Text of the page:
Across the divide

This week, Scot McKnight’s must-read Jesus Creed blog linked to an excellent Books & Culture article about the lifestage now being dubbed “Emerging Adulthood”. This piece offers a more academic spin on what I’m observing in my own kids, in the lives of the emerging adults with whom I interact at work, in the words of blogs and books penned by this demographic, and as I watch and listen to what’s going on in our broader culture. It’s a somewhat lengthy piece, but well worth your time.
I am a tail-end Boomer, born in 1959. When I look at that year, I think sometimes it may as well be 1959 B.C. It looks like ancient history. 1959.
I have often found myself impatient with Boomer ethos, both in the culture and in the church. (And sadly, the latter often mirrors the former so perfectly that both of them blur together in a very icky way – but this post ain’t about flogging that tired horse.) We Boomers, besides frequently possessing a stunning sense of our own Importance and a perverse desire to look Goldie Hawn-young, have allowed our generational identity to be forged as victims of the Generation Gap. “My elders don’t understand me!” became both battle cry and justification for decades of some really bratty behavior by us Boomers.
And in a weirdly just turn of events, many of us Boomers (the parents of this wave of emerging adults) now stand on the other side of a new, uncharted Generation Gap. We have both contributed to and exacerbate the struggle our kids are now experiencing. These kids aren’t whining that we don’t understand them. They are trying to grow a life, while we are viewing their battle to figure out who they are through our own John Lennon-shaped lenses.
I have heard Malachi 4:5-6 (“See, I will send you the prophet Elijah before that great and dreadful day of the LORD comes. He will turn the hearts of the fathers to their children, and the hearts of the children to their fathers; or else I will come and strike the land with a curse.”) quoted everywhere from homeschooling conventions to The Call. I occasionally see little glimmers of what fulfillment of this might look like in action – in mustard-seed sized packages. Boomers relinquishing the stage and the microphone. Emergening gens washing the feet of boomers.
But mostly, we don’t. And we’re losing too many of the emerging gen as a result. May God have mercy on us all. It is not in any of our hearts to live with our hearts turned to someone on the other side of a generational divide. (Or, for that matter, with our hearts turned to the person right next to us, on our side of the divide. Again, I digress…) This Malachi promise is a benchmark of revival; it is also a violent, paradigm shattering promise of His return. It is a picture of the kingdom.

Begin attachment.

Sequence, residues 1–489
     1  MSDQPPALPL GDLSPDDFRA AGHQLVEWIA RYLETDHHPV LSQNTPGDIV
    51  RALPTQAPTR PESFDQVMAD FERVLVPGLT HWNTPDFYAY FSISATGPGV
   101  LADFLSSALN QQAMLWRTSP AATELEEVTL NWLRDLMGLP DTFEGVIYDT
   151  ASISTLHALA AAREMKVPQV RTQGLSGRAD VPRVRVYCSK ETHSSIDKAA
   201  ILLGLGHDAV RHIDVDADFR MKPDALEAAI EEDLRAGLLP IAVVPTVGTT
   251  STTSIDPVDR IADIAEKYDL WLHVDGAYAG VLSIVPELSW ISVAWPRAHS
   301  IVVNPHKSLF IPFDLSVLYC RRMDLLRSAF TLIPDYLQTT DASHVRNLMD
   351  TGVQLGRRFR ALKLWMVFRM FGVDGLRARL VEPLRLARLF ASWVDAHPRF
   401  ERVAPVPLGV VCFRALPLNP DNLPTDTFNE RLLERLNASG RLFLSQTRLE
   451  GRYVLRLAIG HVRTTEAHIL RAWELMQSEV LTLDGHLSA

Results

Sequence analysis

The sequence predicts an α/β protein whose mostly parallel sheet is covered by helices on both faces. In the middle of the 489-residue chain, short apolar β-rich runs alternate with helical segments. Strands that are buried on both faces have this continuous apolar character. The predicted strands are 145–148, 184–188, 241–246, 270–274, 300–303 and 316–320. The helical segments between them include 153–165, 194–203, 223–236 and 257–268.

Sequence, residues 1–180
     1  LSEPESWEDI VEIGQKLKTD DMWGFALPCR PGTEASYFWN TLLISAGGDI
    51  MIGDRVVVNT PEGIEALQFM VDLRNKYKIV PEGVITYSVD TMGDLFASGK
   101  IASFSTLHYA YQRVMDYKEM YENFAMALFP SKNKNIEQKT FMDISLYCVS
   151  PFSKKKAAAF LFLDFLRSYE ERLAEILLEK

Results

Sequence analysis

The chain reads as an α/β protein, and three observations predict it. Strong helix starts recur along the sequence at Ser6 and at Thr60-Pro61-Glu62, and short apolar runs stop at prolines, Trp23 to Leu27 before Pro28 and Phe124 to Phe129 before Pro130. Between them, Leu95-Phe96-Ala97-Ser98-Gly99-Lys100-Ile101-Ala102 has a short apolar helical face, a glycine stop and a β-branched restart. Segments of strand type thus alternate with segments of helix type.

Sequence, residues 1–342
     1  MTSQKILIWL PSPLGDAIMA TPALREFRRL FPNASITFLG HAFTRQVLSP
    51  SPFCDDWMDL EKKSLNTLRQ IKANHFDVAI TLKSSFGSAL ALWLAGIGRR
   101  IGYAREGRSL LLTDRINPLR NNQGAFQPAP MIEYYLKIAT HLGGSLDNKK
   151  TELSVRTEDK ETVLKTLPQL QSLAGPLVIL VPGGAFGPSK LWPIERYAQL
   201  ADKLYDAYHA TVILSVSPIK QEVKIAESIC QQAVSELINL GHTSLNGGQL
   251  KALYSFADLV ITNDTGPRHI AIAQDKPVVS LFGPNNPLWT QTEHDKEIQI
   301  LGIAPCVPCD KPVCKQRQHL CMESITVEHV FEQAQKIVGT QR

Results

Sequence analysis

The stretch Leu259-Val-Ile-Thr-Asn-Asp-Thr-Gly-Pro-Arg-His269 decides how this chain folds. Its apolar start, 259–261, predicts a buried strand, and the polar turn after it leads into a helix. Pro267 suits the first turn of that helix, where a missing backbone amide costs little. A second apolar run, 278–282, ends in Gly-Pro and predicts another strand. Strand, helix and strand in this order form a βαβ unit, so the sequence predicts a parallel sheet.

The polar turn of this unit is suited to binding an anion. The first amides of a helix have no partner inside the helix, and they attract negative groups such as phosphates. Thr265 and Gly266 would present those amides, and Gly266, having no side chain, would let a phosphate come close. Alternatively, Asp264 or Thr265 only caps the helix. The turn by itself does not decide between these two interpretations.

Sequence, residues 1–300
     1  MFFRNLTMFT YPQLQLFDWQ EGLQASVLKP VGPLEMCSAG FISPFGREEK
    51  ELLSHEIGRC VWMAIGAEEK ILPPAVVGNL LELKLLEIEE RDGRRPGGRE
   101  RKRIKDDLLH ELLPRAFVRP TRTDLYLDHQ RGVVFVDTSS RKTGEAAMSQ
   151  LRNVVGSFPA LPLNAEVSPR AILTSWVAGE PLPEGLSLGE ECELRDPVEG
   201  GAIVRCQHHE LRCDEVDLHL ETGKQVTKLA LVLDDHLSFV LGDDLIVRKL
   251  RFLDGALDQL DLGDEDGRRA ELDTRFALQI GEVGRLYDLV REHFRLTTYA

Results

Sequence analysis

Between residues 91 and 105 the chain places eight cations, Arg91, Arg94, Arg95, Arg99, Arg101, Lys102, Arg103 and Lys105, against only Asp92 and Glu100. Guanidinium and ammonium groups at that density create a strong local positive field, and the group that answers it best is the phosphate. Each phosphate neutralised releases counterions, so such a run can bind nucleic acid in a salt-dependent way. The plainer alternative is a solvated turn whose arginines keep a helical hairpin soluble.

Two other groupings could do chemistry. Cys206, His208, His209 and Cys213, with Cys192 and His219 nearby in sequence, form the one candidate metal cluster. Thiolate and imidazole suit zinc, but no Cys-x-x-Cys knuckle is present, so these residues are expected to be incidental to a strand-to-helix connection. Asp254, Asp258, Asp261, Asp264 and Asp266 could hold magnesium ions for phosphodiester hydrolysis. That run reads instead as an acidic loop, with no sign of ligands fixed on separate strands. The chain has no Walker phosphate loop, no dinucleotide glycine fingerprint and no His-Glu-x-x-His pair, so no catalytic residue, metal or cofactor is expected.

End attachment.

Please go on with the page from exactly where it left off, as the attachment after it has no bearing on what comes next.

I can offer no clever solution here. Only to know that if I pray “Lord, Your kingdom come…”, I need to be ready, willing and able to repent.
And to listen to the voices on the other side of the divide. Something tells me that if I repent, their distant whispers will become shouts.
P.S. – I’m adding paragraph breaks – honestly! I can’t figger out how to convince Blogger to do what I tell it to do.

About Michelle Van Loon
  • Anonymous

    Michelle,
    The work by David Brooks BOBO�s in Paradise talks about the blending of the Bohemian & Bourgeois mindsets in America cultural thought today (which has drifted into the church). He says BOBO�s attempt to reconcile freedom with commitment, virtue with affluence autonomy with community that leads to too many compromises…

    BOBO�s says Brooks, desire rigor without submission Orthodoxy without obedience what he calls – �FLEXIDOXY� with many spiritual fudges…

    Another work I would recoment is Generation Me by Jean Twenge, PhD � 2006 Simon & Schuster as she addresses the self esteme movement.
    Btrooks and Gwenge both speak of the “spiritual” side in this boomer generation…many good points and thoughts.

    Pr. Dan Dahling – Decatur, IN

  • Anonymous

    Michelle,

    Have to share this with you. A practice in our church is after the choir has sung a number of members leave the choir loft to sit with their families for the duration of the service. As one of our members was making his way to be seated with his family a 4 year old observing one of our male members whispered to his mother, “Mom, Dr. Phil is at church today!”

  • Michelle Van Loon

    Dan – good recommendations, both of `em. BoBos In Paradise especially sounds like an interesting read. Thanks!

    And – I’m not sure who the anonymous poster was who shared this great story that definitely goes under the category of “Out of the mouths of babes”, but it made me grin and wonder if Dr. Phil was going to sit with Oprah for the rest of your service. (Dan? Does Dr. Phil’s twin bro go to your church???)

  • Anonymous

    There is a fairly new book out that also might shed some light on this. It’s called “The Death of the Grown-up” by Diana West. I have not read it, but it appears to touch on what you are saying and on something I’ve noticed in recent years which is the lack of maturity in people my age (50+). I tire of middle agers who seem to think that the worst sin to befall mankind is that of being “un-cool” and go to great lengths to ensure that they remain hip and with-it. I think, though, that in the eyes of many of our youth, they just seem ridiculous, but, unfortunately, that leaves the young with few decent role-models. An acquaintance of mine has said many times that she if she can’t be a role model to her children, she intends to serve as a dire warning. That is a mentality I just can’t wrap my mind around.

  • Michelle Van Loon

    Our gen is living out the Who’s prayer – with a twist: Hope I die before I get old (except I refuse to get old).

    I want to stay current (aware of and connected to culture) while growing in wisdom and grace…as in, aging.


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